Even though China has ample resources and large mines, it has only gained its near monopoly on the global supply of rare earth elements by controlling the processing steps that remove the elements from the rest of the rock in which they are found. This control has presented a global supply risk, which became painfully evident in 2010 when China abruptly halted the export of rare earth ores, salts and metals to Japan, a primary consumer. The United States, which imports many of the final products that Japan produces with rare earth elements, felt a secondary impact. Though the ban was temporary, it sent shockwaves through the global community and prompted countries and producers to scramble to try and find, develop or reopen alternative rare earth element sources.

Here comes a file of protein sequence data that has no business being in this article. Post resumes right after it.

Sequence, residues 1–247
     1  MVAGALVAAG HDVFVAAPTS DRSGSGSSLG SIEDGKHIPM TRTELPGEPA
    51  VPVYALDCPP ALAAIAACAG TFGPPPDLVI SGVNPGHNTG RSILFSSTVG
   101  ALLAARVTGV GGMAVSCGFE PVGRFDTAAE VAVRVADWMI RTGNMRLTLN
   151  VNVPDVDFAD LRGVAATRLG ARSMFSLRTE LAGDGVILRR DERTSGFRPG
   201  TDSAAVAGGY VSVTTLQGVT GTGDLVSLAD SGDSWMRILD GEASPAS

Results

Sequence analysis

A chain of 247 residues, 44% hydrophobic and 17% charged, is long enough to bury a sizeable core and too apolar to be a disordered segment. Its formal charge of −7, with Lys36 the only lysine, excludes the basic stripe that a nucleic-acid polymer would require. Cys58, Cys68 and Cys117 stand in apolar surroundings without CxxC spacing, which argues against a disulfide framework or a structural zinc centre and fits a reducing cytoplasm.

The United States, in part due to wariness of its defense technology relying so heavily on China, launched and won a World Trade Organization case against China, and in 2015 Beijing removed export quotas on rare earth elements. But in the years since the export ban on Japan, the rest of the world has had only marginal success in seeking sources outside of China. Australia was able to increase its production of LREEs with a new, environmentally controversial processing facility in Malaysia. And the United States' Molycorp mining company reopened Mountain Pass mine in California in 2012, only to declare bankruptcy and shutter the location just three years later. China still controls the vast majority of all rare earth production, and for some key medium and heavy rare earth elements such as dysprosium and terbium, which are necessary to produce permanent magnets in electric vehicles and wind turbines, China's control is virtually complete, with more than 98 percent of global supply.